3

Trying to get UpdateModel to work for my User. The User class has basic string properties like CompanyName, FirstName, LastName, etc so nothing exotic.

Here is the header for my view:

<%@ Page Title="" Language="C#" MasterPageFile="~/Views/Shared/Public.Master" Inherits="System.Web.Mvc.ViewPage<User>" %>

After they submit, in my controller, the code looks like this:

[HttpPost]
    public ActionResult Edit(string id, FormCollection collection)
    {
        try
        {
            User myUser = db.Get<IUserRepository>().Get(id);
            UpdateModel(myUser);
            db.Update(myUser);

            return RedirectToAction("Index", "Home");
        }
        catch
        {
            return View();
        }
    }

The values past into FormCollection have the values like:

[0] "FirstName" string
[1] "LastName" string
[2] "Email" string

Here is my UserModelBinder (took out some error checking code) which seems to be the source of the problem:

public class UserModelBinder : IModelBinder
{
    public object BindModel(ControllerContext controllerContext, ModelBindingContext bindingContext)
    {
        IPrincipal p = controllerContext.HttpContext.User;
        User u = db.Get(p.Identity.Name);
        return u;
    }
}

while the myUser I get from the database has all its original values, the UpdateModel for my controller never actually makes any changes. I have read problems people have with ViewModels and which prefix to use, but I am just passing in the regular database object.

The strange thing is that this User edit is for my "Public" area and I already have a User edit for the Admin area which lets the administrator change extra Properties. The "Admin" area User edit is working fine, but the "Public" area for User edit isn't even though the code is almost identical.

Update:

This turned out to be a custom ModelBinding problem and by changing my UserModelBinding to derive from DefaultModelBinder and adding into my BindModel method:

if (bindingContext.Model != null)
            return base.BindModel(controllerContext, bindingContext);

Everything seems to work.

2

Try this instead

public ActionResult Edit(User thisUser)

Id will need to come from a hidden field maybe.

Also you will need to ensure your field names match the User property names.

You shouldn't need to do anything more as the object should have the values within it.

If this is not helpful then let me know and I'll remove this answer

edit

This is one of my update methods

    [HttpPost]
    public ActionResult EditCustomer(Customer customer)
    {
        //ensure that the model is valid and return the errors back to the view if not.
        if (!ModelState.IsValid)
            return View(customer);

        //locate the customer in the database and update the model with the views model.
        Customer thisCustomer = customerRepository.Single(x => x.CustomerID == customer.CustomerID);
        if (TryUpdateModel<Customer>(thisCustomer))
            customerRepository.SaveAll();
        else
            return View(customer);

        //return to the index page if complete
        return RedirectToAction("index");
    }

edit 2

my custom model binder

public class CustomContactUsBinder : DefaultModelBinder
    {
        protected override void OnModelUpdated(ControllerContext controllerContext, ModelBindingContext bindingContext)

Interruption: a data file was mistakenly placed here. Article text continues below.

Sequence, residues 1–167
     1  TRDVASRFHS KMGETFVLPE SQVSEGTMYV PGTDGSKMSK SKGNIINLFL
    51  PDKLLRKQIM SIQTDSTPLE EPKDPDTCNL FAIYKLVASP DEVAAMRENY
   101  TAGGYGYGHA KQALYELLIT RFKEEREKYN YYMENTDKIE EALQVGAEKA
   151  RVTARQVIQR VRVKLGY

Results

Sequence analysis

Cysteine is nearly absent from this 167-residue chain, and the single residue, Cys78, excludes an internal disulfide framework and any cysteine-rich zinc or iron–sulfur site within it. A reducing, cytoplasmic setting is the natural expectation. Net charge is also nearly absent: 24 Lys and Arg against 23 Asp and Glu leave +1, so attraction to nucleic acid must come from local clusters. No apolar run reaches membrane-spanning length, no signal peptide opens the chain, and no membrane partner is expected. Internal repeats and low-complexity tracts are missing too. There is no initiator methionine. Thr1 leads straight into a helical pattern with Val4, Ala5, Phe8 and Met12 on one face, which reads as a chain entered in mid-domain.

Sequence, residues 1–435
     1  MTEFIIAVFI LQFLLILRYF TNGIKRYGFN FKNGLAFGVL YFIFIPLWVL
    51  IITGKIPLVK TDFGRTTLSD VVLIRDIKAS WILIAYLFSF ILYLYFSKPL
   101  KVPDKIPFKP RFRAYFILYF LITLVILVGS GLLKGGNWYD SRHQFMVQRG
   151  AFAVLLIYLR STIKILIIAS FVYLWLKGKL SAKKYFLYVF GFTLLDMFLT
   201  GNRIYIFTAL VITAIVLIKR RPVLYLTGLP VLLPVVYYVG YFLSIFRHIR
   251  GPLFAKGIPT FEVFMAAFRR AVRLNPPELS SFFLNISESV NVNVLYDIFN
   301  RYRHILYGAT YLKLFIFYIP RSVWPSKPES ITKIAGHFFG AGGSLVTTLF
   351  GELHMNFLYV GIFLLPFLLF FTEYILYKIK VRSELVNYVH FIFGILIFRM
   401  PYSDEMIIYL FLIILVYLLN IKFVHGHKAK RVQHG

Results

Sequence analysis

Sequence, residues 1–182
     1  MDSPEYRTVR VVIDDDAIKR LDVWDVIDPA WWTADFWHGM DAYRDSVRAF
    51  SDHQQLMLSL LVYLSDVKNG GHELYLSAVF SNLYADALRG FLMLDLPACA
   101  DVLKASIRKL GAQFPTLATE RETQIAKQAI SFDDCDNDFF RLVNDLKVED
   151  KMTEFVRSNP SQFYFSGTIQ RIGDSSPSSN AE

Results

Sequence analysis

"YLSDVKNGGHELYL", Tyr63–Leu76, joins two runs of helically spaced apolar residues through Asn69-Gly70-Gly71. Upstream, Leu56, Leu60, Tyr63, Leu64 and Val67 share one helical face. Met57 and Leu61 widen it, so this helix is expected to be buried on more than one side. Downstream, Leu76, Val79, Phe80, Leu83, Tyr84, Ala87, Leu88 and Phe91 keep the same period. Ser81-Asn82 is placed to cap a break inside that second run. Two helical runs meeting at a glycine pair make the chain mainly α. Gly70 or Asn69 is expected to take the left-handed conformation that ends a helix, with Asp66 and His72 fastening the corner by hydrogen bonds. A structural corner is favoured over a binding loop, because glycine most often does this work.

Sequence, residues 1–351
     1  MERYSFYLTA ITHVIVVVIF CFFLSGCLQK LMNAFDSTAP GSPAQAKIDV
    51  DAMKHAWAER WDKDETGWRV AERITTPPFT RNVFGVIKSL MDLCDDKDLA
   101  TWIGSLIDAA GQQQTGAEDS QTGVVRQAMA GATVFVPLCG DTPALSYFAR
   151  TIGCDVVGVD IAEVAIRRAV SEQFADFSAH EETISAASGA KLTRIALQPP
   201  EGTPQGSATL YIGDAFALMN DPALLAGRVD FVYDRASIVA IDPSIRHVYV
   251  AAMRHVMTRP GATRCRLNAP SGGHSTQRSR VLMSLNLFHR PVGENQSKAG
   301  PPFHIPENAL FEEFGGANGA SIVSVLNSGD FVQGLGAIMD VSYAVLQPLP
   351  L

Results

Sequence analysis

{
            ContactFormViewModel contactFormViewModel = bindingContext.Model as ContactFormViewModel;

            if (!String.IsNullOrEmpty(contactFormViewModel.Name))
                if (contactFormViewModel.Name.Length > 10)
                    bindingContext.ModelState.AddModelError("Name", "Name is too long.  Must be less than 10 characters.");

            base.OnModelUpdated(controllerContext, bindingContext);
        }
    }
  • Well, the string id comes from the URL in the edit: – enantiomer2000 Sep 22 '10 at 23:16
  • I had previously set up a ModelBinding for User. Could that affect how User is passed in and how UpdateModel would affect it? I noticed that the User being passed in is definitely the one from the database (from the ModelBinder that I created). – enantiomer2000 Sep 22 '10 at 23:23
  • griegs, your method seems to work, but only if I remove the custom UserModelBinder class from the ModelBinders list in the global.asax. I kind of liked being able to have my User instance automatically passed in, rather than an IPrincipal. Anybody have any ideas on how to make this work with my original way? – enantiomer2000 Sep 22 '10 at 23:32
  • what does your custom binder do? I can post you an example of mine but doubt it would help you. – griegs Sep 22 '10 at 23:46
  • Posted the code now. basically just returns a User. My goal for the UserModelbinder was basically just to pass in User into various controller Actions instead of IPrincipal. I don't know why this is affecting the UpdateModel for my Controller. – enantiomer2000 Sep 22 '10 at 23:49
2

This blog post sounds like it solves your exact problem:

UpdateModel(user, "User");

Since it seems the data you want to bind to is prefixed by the viewmodel name.

  • 1
    If it would be prefixed the FormCollection would contain Keys like User.FirstName and User.LastName – Henrik P. Hessel Sep 22 '10 at 23:20
  • Henrik is correct and I already tried this to no avail. I think it may have something to do with the custom ModelBinding that I created to easily pass into my controllers the User instance of the authenticated user. Investigating further... – enantiomer2000 Sep 22 '10 at 23:26
  • Can you post your custom ModelBinding code? – amurra Sep 22 '10 at 23:36
  • It is done. My goal for the UserModelbinder was basically just to pass in User into various controller Actions instead of IPrincipal. I don't know why this is affecting the UpdateModel for my Controller. – enantiomer2000 Sep 22 '10 at 23:48

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